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ESSENTIALS OF DIAGNOSIS

  • Exposure to tick bite in an endemic area.

  • Influenza-like prodrome followed by fever, severe headache, and myalgias; occasionally, delirium and coma.

  • Red macular rash appears between days 2 and 6 of fever, first on the wrists and ankles and then spreading centrally; it may become petechial.

  • Mortality over 70% in untreated patients.

  • Serial serologic examinations by indirect fluorescent antibody confirm the diagnosis retrospectively.

General Considerations

Despite its name, most cases of Rocky Mountain spotted fever (RMSF) occur outside the Rocky Mountain area. More than half of the cases are from five states: North Carolina, Tennessee, Oklahoma, Missouri, and Arkansas (eFigure 32–6). RMSF is endemic in Central and South America with a small fatal familial cluster reported from Panama (Table 32–3). Native Americans are at high risk for infection. The causative agent, R rickettsii, is transmitted to humans by the bite of ticks, including the Rocky Mountain wood tick, Dermacentor andersoni, in the western United States, and the American dog tick, D variabilis, in the eastern United States. Several hours of contact between the tick and the human host are required for transmission. The brown dog tick, Rhipicephalus sanguineus, is a vector in eastern Arizona and responsible for many Native American cases. Epidemic RMSF, as described in Arizona and Mexico, is associated with massive local infestations of the brown dog tick in domestic dogs, which may explain why the incidence of RMSF in the three most highly affected communities in an Arizona epidemic from 2003 to 2012 was 150 times the US national average. Recent studies show that the seroprevalence for dogs on the Arizona Mexican border is lower than anticipated at about 5% seroprevalence for spotted fever group rickettsial antibodies.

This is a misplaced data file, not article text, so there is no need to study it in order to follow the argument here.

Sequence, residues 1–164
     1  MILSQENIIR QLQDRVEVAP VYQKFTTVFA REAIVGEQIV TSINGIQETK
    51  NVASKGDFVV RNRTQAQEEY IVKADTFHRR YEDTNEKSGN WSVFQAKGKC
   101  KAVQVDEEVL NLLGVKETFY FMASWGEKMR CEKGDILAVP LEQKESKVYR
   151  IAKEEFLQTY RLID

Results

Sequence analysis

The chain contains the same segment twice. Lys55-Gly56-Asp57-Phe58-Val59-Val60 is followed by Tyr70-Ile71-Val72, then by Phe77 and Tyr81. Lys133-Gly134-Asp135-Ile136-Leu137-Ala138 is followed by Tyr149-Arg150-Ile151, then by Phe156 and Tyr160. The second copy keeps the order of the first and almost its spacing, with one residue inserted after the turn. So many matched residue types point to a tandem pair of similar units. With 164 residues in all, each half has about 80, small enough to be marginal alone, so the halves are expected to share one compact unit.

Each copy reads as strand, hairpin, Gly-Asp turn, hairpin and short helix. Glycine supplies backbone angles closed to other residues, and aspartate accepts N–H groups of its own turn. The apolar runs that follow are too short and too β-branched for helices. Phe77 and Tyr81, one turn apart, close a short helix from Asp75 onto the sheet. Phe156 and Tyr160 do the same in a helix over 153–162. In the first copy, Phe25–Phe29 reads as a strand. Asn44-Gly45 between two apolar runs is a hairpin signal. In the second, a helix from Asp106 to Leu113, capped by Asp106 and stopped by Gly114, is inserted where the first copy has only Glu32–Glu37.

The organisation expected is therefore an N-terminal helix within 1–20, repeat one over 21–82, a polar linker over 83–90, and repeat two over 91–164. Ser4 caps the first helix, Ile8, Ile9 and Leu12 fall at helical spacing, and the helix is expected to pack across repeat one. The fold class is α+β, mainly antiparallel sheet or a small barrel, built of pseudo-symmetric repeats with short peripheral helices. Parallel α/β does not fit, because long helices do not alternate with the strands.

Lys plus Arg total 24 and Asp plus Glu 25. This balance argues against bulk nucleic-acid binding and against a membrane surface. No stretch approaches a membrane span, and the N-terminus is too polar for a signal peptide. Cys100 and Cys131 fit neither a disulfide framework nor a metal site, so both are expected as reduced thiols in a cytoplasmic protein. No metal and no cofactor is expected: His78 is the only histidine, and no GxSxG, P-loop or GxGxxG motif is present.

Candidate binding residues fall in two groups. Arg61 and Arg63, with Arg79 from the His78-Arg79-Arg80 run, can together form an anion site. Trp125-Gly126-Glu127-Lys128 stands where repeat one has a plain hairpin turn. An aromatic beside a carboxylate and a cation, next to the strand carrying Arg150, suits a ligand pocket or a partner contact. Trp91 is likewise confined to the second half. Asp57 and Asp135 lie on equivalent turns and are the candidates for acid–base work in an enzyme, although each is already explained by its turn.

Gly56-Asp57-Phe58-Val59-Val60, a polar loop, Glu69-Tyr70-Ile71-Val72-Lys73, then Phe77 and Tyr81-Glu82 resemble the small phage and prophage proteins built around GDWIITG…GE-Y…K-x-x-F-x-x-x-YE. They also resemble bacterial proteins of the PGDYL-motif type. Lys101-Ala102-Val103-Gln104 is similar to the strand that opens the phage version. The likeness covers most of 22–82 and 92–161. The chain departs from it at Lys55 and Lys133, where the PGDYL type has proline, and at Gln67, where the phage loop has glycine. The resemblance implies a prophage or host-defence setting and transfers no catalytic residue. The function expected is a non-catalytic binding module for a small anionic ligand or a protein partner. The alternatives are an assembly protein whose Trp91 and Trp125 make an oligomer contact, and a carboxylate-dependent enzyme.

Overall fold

eFigure 32–6.

Annual incidence (per million persons) for spotted fever rickettsiosis (SFR) in the United States, 2018. (https://www.cdc.gov/rmsf/stats/index.html#anchor_1531851146113)

Other hard-bodied ticks transmit the organism in the southern United States and in Central and South America and are responsible for transmitting it among rodents, dogs, porcupines, and other animals. Human cases reemerged in Mexico in 2008 after decades of quiescence (since the 1940s). As of 2018, northern Mexico reported nearly 4000 RMSF cases.

There are 25 genotypes of R rickettsii in four different groups, and potential genomic-clinical correlations are underway. Several other rickettsial species cause mild, nonlethal infections in the United States, including R parkeri, R phillipi, and R massiliae. These are discussed in the “tick typhus” section.

In the United States, the estimated annual incidence of RMSF is as high as seven cases per million persons (primarily occurring from April through September), with a higher incidence among children and men. Better diagnostic capacity and improved surveillance are thought responsible for the changing epidemiology.

A Brazilian spotted fever with ...

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